An excellent piece of advice that Richard shares is something that he was told when he was first diagnosed: “Don’t look in your past because in your past is where your guilt lies; the things you used to be able to do and possibly can’t do now. You have to put those things aside. Don’t look in the future, because that’s where all your anxieties are; what you think you may become but you may never. I was always told to look at today, to wake up tomorrow and to try to strive to do something slightly better than you did yesterday. I have superpowers; I can run, I can skip sideways and I can run backwards, but I’ll tell you what I can’t do is to walk forwards very well. But that doesn’t matter, because every day I strive to do a little thing a bit better.”
Dr Cliff Chen acknowledges that many newly diagnosed people may feel anxious when going somewhere for the first time or meeting new people. He tells us that there are two key drivers for anxiety: worry and avoidance. Worry is the questions: will I be able to cope? will I get there on time? will people judge me? Avoidance serves to relieve the symptoms of anxiety; you withdraw and avoid the stimulus, feeling relief and therefore learning that the way to deal with worry must be to withdraw. Echoing Richard’s advice he tells us that it’s actually important to push yourself. “When you get out there and experience it, it’s often not as bad as we thought”. To do this, relaxation exercises can help to settle the physiology as well as focus the mind on something else besides the worry. Dr Chen says you have to practise this when you’re calm: “This is a skill not a pill. You get good at it then put it to the test”. Once you’re good at the relaxation you can gradually expose yourself to more anxiety-provoking situations in a stepped fashion. “If you treat it like that you can overcome the anxiety”.
The Benefit of Creativity and Exercise
Dr Chen explains that creative activities can be beneficial for people with Parkinson’s. It can relax us, take our mind off the worries, and create something, providing a sense of achievement. Using art, it’s possible to work through some difficult thoughts and feelings by channelling them into something creative and turning it into something positive. “Sometimes I have to say to people, you’re working very hard to get the most from your treatment, but what have you done today that will bring you joy and contentment and a sense of peace and connection to others? Because today won’t come again.”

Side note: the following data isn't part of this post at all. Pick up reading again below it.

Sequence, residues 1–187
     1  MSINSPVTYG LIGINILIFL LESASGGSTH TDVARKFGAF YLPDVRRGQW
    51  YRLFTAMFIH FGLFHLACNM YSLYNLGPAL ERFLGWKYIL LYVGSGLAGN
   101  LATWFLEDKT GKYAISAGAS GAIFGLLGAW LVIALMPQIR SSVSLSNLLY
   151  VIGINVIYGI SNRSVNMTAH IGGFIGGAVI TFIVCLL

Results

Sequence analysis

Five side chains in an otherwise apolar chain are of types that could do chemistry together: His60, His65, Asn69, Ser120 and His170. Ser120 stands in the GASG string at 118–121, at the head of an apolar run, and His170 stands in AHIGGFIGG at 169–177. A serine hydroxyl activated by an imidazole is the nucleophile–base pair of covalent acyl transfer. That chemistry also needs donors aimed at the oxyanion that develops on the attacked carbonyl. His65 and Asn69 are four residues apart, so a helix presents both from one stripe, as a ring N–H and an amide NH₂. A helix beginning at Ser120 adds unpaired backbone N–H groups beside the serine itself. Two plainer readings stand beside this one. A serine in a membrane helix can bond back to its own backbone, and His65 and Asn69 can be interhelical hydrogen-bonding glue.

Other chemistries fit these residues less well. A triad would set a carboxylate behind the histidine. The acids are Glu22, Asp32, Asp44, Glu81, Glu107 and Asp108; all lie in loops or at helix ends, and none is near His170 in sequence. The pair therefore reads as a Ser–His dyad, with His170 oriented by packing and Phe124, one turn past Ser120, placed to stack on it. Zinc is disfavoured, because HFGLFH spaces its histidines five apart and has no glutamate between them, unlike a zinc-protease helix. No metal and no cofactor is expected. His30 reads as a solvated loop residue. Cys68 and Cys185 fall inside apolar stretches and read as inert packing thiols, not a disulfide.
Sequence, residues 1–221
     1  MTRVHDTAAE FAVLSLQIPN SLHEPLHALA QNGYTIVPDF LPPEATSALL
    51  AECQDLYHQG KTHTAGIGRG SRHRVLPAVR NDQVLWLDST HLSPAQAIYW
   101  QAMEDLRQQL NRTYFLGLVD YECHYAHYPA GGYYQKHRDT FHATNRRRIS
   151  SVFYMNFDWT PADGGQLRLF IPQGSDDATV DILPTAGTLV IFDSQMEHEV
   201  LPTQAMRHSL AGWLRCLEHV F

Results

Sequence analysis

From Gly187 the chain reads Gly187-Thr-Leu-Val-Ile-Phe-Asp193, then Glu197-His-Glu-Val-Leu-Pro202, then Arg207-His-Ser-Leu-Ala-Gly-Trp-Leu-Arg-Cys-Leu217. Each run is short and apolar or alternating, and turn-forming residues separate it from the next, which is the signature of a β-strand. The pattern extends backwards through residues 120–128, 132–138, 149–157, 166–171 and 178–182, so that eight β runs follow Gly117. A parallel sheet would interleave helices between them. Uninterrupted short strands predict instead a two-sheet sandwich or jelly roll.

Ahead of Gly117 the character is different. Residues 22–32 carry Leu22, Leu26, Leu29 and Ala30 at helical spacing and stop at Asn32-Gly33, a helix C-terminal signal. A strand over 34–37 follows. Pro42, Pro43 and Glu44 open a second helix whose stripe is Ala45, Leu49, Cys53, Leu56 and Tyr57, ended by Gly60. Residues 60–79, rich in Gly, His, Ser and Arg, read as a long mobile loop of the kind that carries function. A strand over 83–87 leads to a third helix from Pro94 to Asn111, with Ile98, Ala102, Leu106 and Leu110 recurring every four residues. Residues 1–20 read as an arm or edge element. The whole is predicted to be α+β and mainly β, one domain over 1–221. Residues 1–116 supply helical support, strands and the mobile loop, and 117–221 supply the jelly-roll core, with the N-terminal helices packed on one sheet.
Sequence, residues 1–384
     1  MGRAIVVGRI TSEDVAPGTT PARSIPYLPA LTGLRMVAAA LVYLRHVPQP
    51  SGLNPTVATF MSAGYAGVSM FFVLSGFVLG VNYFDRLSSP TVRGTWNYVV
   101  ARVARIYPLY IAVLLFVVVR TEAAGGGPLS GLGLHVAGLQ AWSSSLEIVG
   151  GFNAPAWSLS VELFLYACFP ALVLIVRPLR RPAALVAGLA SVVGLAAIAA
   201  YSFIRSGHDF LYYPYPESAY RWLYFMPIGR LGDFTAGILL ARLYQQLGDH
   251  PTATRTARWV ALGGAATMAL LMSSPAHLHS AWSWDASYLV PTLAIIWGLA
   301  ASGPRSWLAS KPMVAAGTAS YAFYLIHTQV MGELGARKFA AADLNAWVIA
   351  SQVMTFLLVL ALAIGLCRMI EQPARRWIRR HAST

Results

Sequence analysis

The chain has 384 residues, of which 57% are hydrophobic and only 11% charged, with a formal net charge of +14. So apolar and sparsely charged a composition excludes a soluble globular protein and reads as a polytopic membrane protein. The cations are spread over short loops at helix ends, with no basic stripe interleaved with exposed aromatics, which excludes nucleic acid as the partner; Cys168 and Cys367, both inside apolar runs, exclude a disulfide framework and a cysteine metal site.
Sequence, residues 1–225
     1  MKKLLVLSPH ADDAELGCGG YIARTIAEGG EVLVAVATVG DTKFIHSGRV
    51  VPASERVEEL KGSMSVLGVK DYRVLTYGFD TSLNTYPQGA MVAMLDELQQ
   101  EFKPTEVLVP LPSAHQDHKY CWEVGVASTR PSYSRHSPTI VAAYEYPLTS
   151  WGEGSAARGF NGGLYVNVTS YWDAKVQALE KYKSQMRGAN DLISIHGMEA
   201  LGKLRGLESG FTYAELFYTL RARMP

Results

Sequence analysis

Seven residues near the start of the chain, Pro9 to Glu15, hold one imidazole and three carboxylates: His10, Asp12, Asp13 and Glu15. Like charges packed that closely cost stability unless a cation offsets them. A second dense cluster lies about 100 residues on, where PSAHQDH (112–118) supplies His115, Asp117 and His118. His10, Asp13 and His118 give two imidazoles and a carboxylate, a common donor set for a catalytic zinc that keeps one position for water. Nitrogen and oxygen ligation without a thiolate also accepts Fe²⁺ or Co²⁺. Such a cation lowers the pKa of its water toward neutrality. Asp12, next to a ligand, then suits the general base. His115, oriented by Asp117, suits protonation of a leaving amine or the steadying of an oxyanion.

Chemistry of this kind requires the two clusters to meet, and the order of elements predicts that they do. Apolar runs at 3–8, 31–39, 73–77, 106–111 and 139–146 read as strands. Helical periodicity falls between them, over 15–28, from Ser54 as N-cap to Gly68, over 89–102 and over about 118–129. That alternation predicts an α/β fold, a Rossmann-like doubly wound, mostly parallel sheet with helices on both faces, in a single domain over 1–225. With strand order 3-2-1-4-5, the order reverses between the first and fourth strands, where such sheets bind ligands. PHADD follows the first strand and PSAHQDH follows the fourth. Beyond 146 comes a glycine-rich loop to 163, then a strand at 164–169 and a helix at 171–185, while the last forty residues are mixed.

Richard also stresses that he finds vigorous exercise useful, whether it’s gardening, boxing, or simply dancing around the kitchen. Dr Hand adds that exercise and physiotherapy is important not only in helping you feel good, but also in slowing down disease progression.
Advice for People Diagnosed with Young Onset Parkinson’s (YOPD)
Parkinson’s is generally seen as a condition which only affects older people. Because of this, people with young onset Parkinson’s may struggle with their diagnosis, in addition to facing challenges associated with loss of employment. Dr Chen tells us that there is also some research to suggest that people with young onset Parkinson’s may suffer from additional mental health problems.
It is important to remember that you are not alone. Parkinson’s UK has a page dedicated to young onset Parkinson’s, with information about local support groups specifically for younger people.
Supporting those who Support People with Parkinson’s
Dr Chen mentions that often a psychologist will not need to be offered following a new diagnosis, as “there’s a huge amount to be done just by connecting with family and friends”. However, Russ Bradford, Co-founder of Parkinson’s Concierge and a person with Parkinson’s himself, acknowledges that it is quite often worse for the person providing support than it is for the person living with Parkinson’s, as they watch the person they love lose ability. Parkinson’s UK has a page for people who care for someone with Parkinson’s, including information on caring while in paid employment and a carer’s guide with practical advice.
Supporting someone with Parkinson’s can sometimes put tension on the relationship. Dr Chen stresses that you should “take Parkinson’s off the table and come together in an activity that doesn’t put it between you, like you used to in the old times. It means you do not become carer and patient and can instead maintain roles like husband and wife, that otherwise get eroded over time”.
It’s also important that you advocate for time for yourself. Although it is common to feel guilt in taking respite, Dr Chen likens the situation to that on an aeroplane, when you’re told that in the event of an emergency you should put your own oxygen mask on before someone else’s. “If you’re out you can’t help anyone else either; it’s far from selfish to look after yourself too as you are also looking after others”.
Thank you to the speakers, Parkinson’s UK and Parkinson’s Concierge for organising this helpful webinar and everyone who has shared their experiences.